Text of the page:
By reinterpreting the years before 1914 William Mulligan sees the 'July Crisis' in a fresh perspective.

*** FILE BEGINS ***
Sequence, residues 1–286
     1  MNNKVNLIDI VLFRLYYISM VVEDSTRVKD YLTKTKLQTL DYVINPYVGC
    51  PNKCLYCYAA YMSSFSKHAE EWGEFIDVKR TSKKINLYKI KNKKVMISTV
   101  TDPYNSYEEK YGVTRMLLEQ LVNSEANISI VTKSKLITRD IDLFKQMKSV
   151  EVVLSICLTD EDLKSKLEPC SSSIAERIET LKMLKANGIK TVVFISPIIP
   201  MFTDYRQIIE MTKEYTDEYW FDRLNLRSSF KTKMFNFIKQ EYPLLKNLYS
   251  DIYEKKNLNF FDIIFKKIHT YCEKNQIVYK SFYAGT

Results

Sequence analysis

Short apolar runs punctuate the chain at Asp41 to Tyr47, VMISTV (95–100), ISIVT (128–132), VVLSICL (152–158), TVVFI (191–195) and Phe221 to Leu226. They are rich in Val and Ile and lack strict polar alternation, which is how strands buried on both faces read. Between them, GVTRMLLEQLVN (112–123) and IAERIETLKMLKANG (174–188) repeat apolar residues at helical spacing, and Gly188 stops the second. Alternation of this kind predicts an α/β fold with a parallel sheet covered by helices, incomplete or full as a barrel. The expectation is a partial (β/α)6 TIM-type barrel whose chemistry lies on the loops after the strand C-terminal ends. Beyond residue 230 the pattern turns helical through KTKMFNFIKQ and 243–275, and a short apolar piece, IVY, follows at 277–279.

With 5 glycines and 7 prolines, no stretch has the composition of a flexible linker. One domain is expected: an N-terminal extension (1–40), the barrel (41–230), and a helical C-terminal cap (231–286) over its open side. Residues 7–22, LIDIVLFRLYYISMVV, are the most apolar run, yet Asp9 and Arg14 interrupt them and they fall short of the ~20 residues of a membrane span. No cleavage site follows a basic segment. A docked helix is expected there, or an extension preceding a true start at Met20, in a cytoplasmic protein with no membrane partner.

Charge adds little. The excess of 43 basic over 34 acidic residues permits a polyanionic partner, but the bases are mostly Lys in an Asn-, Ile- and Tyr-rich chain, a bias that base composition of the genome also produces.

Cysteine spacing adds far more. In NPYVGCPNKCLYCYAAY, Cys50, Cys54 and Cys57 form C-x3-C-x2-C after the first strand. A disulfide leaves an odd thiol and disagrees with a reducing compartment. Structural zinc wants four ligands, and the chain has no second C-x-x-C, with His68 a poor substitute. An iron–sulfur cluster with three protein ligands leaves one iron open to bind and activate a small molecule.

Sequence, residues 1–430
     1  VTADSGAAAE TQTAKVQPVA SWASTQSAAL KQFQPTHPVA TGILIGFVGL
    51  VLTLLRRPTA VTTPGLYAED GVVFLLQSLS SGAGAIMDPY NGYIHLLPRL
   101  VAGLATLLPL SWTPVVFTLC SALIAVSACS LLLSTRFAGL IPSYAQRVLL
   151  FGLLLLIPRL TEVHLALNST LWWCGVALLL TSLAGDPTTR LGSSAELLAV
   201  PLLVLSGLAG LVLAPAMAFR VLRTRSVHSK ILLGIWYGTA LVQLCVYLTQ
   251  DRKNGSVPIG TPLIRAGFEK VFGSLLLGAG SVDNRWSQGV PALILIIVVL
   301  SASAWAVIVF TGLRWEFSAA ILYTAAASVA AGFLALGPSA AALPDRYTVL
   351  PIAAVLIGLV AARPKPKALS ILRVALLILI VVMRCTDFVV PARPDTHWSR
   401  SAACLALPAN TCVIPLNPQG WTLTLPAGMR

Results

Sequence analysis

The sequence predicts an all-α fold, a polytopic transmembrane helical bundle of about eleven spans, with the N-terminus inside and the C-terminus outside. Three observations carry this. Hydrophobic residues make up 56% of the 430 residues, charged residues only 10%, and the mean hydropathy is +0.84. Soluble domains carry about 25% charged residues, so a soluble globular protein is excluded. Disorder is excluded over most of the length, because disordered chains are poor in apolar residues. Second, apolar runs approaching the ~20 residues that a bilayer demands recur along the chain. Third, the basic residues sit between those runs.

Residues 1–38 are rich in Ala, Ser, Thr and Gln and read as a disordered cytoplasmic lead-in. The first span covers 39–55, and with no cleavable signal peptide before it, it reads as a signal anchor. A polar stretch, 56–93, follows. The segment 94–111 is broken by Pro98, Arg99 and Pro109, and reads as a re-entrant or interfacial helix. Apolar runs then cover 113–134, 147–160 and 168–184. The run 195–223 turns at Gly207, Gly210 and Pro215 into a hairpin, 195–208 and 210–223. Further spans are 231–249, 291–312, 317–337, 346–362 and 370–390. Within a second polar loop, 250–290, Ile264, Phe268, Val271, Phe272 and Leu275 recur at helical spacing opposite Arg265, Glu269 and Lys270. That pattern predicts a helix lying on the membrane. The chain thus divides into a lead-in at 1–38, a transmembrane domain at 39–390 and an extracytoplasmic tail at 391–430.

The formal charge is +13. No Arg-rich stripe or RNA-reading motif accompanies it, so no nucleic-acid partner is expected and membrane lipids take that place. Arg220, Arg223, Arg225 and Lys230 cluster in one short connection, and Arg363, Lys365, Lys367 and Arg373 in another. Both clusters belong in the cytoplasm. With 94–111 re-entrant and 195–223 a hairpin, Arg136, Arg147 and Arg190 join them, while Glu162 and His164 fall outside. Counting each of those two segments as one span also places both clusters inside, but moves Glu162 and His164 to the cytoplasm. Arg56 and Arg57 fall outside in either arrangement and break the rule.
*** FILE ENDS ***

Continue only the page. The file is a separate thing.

The history of international relations in the late 19th and early 20th twentieth centuries has been inextricably bound with the origins of the First World War. The sheer scale of the war has led generations of academics to endow it with a sense of inevitability. However, we should pause briefly and consider some of the following observations and questions. If the international system was so militarised, why did a general European war not break out much earlier? After all, the 44 years of great power peace between 1871 and 1914 was the longest period of great power peace in Europe until the end of the Cold War. Why were so many crises, recited by generations of students as signs of weakness in the international system, resolved without recourse to war? Historians have, until very recently, largely ignored an alternative question: ‘Why was peace maintained for over four decades?’ Only by answering this question can we fully appreciate why war broke out in 1914. We should no longer view those like Stefan Zweig, the Austrian novelist, who saw the world before 1914 as a ‘golden age of security’, as complacent or naïve. Asking why great power peace was maintained for over four decades enables us to re-assess what might be called the ‘old reliables’ of the origins of the First World War – the alliances and diplomacy, imperial expansion, public opinion, the role of the military, and the international economy.
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